The quality of life remains, to me, unparalleled, but the equation changes. The Legacy Amendment of 2008 was a game changer, pumping life, dollars, vision, and hope into the nonprofit arts sector. Art as a thing of beauty and catalyst of change has never been better in the Twin Cities, but the horizon is blurry and insidious. I urge you to find and appreciate the arts organizations that move your pleasure centers and your moral compass.

For more than four decades, Mixed Blood has sustained itself by folks like you giving to support our work. We’re a movement built by, with, and for all: join the movement.

Give now.

If the seats are full, the audience smiling, and the politicians are quiet, we are doing something wrong. As we close ROE, our quasi-objective theatrical portrait of the misunderstood Norma McCorvey (the eponymous Roe of Roe v Wade), its response was reflective of its impact. It was sold out the vast majority of its performances. We partnered with ACLU of Minnesota, Planned Parenthood Minnesota Advocate, NARAL Pro-Choice Minnesota, and the Minnesota Historical Society. Participants in Continuing Legal Education on the Elimination of Bias attended as part of their accredited session.

There was adoration, pushback, and scorn. One person withdrew his support because Mixed Blood didn’t align with his Christian values. I invited that individual to attend and see if that point of view persisted after the curtain call. Another challenged the director who was quoted as saying that Norma wasn’t a good spokesperson for either side when she had been a crusader for the pro-life movement for 22 years.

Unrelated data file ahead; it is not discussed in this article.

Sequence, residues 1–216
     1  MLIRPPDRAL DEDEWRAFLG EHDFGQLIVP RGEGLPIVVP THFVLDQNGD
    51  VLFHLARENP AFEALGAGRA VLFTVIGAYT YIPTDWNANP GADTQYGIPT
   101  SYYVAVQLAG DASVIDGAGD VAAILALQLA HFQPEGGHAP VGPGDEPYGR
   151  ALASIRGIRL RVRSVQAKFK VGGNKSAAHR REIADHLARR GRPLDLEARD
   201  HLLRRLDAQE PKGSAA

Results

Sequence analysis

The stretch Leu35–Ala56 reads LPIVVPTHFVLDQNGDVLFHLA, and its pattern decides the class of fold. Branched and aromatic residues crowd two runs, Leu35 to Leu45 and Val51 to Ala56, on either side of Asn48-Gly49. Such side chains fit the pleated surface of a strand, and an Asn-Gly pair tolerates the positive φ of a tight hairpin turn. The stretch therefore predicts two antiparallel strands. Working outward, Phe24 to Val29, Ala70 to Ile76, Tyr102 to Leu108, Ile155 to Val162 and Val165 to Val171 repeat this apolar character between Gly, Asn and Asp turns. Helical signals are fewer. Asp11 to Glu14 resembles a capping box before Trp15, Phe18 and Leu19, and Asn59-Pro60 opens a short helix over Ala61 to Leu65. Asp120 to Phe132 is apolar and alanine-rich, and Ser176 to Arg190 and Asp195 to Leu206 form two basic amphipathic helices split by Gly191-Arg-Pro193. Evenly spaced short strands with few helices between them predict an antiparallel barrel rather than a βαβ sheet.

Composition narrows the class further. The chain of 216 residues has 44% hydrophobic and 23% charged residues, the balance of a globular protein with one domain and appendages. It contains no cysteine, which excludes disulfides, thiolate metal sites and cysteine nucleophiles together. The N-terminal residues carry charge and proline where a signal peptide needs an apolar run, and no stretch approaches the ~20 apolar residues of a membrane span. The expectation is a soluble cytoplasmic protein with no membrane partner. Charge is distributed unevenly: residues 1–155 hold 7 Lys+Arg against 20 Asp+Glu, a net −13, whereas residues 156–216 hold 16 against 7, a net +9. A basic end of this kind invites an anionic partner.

As they exited the theater some people praised the work and some cursed at the theater. Mixed Blood’s Vision Statement reads, “As a beacon for the global village and beyond, Mixed Blood will champion equity and animate social change through exceptional artistry, catalytic relationships, and universal access.” Coming to a show at Mixed Blood has three components to be successful: the community through which one travels (Cedar Riverside embodies our model of pluralism), the people with whom you sit, and the work on stage. ROE brought together people with difference – racial, cultural, gender, class, and world view – and that is the purpose of this particular non-profit.

Thanks to the more than 3,100 folks who experienced the theatrical production of ROE and who felt a call to action – whatever that action may be – after the curtain call was over. It is you who animate our mission.

For more than four decades, Mixed Blood has sustained itself by folks like you giving to support our work. We’re a movement built by, with, and for all: join the movement.

Give now.